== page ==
Tough EU Laws Prompt Meta, Apple to Withhold New Products

U.S. tech companies are fighting back against what they feel are overly oppressive European Union regulations by withholding products from that market. Meta Platforms will not release its next Llama multimodal AI model there, along with future products. Apple last month said certain Apple Intelligence AI features will not be released in the EU. Previously, tech companies would accommodate regional laws by adapting global strategies so they could do business everywhere with the same products. Given the restrictions of the Digital Markets Act and other EU rules, Big Tech is signaling that may no longer be possible. Continue reading Tough EU Laws Prompt Meta, Apple to Withhold New Products

ByteDance’s DMA Gatekeeper Appeal Dismissed by EU Court

TikTok owner ByteDance lost its court battle challenging the European Union’s classification of it as a “gatekeeper” under the Digital Markets Act. The victory for EU antitrust regulators underscores its seriousness about reining in the power of Big Tech. As a gatekeeper, China’s ByteDance is lumped in with behemoths Google, Apple, Meta and Microsoft, among others. The DMA, which was passed in 2022 and came into effect this year, says gatekeepers must make certain aspects of their apps interoperable with rivals and forbids self-dealing, with stiff fines imposed for those found to fail. Continue reading ByteDance’s DMA Gatekeeper Appeal Dismissed by EU Court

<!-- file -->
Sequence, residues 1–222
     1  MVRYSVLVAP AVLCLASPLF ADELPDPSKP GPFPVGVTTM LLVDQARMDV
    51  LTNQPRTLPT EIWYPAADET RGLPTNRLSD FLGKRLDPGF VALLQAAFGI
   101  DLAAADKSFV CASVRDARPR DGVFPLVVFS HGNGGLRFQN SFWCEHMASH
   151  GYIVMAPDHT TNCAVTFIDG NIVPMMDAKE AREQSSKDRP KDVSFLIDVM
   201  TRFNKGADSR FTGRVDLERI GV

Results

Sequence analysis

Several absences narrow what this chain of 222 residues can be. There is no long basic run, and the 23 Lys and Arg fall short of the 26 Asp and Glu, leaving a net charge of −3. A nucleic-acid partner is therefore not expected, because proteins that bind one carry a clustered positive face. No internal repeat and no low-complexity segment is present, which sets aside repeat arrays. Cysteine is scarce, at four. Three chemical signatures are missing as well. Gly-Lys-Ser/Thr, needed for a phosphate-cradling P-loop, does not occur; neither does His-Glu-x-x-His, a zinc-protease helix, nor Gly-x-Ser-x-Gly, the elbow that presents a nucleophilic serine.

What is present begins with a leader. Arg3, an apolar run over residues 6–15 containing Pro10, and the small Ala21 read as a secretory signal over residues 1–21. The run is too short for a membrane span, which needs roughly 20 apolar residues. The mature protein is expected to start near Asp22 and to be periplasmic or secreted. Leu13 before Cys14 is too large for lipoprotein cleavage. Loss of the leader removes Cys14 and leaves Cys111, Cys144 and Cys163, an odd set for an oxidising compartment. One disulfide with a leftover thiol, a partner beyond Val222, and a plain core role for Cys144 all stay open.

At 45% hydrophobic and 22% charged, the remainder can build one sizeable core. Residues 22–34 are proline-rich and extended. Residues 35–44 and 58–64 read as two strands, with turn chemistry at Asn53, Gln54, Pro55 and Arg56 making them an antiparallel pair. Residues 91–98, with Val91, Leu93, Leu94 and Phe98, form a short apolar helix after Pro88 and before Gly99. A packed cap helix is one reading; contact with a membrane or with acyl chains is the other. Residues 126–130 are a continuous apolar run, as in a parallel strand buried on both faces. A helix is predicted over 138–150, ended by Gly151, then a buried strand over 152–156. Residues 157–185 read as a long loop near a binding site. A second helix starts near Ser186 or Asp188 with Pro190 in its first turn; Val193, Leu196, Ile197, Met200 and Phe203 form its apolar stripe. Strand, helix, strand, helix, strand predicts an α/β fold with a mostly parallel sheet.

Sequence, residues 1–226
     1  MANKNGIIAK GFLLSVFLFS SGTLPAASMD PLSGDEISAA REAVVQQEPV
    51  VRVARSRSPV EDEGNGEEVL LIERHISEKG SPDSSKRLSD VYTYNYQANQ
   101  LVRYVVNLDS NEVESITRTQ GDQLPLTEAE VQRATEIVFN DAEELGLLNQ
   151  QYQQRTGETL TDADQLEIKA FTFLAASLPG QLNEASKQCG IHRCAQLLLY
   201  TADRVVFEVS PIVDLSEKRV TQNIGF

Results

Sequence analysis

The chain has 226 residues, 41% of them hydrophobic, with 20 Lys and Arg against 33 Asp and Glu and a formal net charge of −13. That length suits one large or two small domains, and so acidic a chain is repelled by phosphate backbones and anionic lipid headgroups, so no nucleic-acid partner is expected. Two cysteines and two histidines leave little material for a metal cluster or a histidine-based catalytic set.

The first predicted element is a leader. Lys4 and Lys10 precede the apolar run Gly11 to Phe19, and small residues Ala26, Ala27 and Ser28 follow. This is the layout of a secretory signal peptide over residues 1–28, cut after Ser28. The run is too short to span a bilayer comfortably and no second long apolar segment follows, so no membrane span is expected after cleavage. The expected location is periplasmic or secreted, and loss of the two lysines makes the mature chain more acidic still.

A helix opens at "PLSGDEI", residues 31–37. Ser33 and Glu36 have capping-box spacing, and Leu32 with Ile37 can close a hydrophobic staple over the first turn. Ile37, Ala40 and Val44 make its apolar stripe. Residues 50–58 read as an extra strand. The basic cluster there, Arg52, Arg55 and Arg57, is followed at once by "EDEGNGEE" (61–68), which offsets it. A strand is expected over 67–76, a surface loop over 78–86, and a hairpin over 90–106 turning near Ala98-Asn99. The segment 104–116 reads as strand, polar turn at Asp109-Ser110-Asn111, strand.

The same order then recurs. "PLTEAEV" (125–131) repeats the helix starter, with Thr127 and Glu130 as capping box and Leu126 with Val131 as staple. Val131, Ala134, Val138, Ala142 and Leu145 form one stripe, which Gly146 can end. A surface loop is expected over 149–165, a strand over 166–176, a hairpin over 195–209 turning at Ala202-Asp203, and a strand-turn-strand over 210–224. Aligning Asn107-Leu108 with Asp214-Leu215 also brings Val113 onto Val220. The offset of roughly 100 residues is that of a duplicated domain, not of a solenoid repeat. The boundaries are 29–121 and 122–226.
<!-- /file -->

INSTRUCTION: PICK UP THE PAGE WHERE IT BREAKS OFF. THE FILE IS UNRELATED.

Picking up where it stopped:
Apple Issues ‘Temporary’ Epic Game Store Approval for iOS

Apple has approved the Epic Games Store app for iOS and the App Store in the EU. But the battle apparently continues, with Apple couching the move as “temporary,” and Epic founder and CEO Tim Sweeney vowing to fight any reversals. Sweeney says Apple is “demanding we change the buttons in the next version — which would make our store less standard and harder to use. We’ll fight this.” Even a temporary toehold moves Sweeney — whose Maryland-based Epic Games is home to the popular “Fortnite” — closer to its goal of an alt game store on the insular Apple platform at home and abroad. Continue reading Apple Issues ‘Temporary’ Epic Game Store Approval for iOS

Apple in EU Crosshairs for Anticompetitive Action Under DMA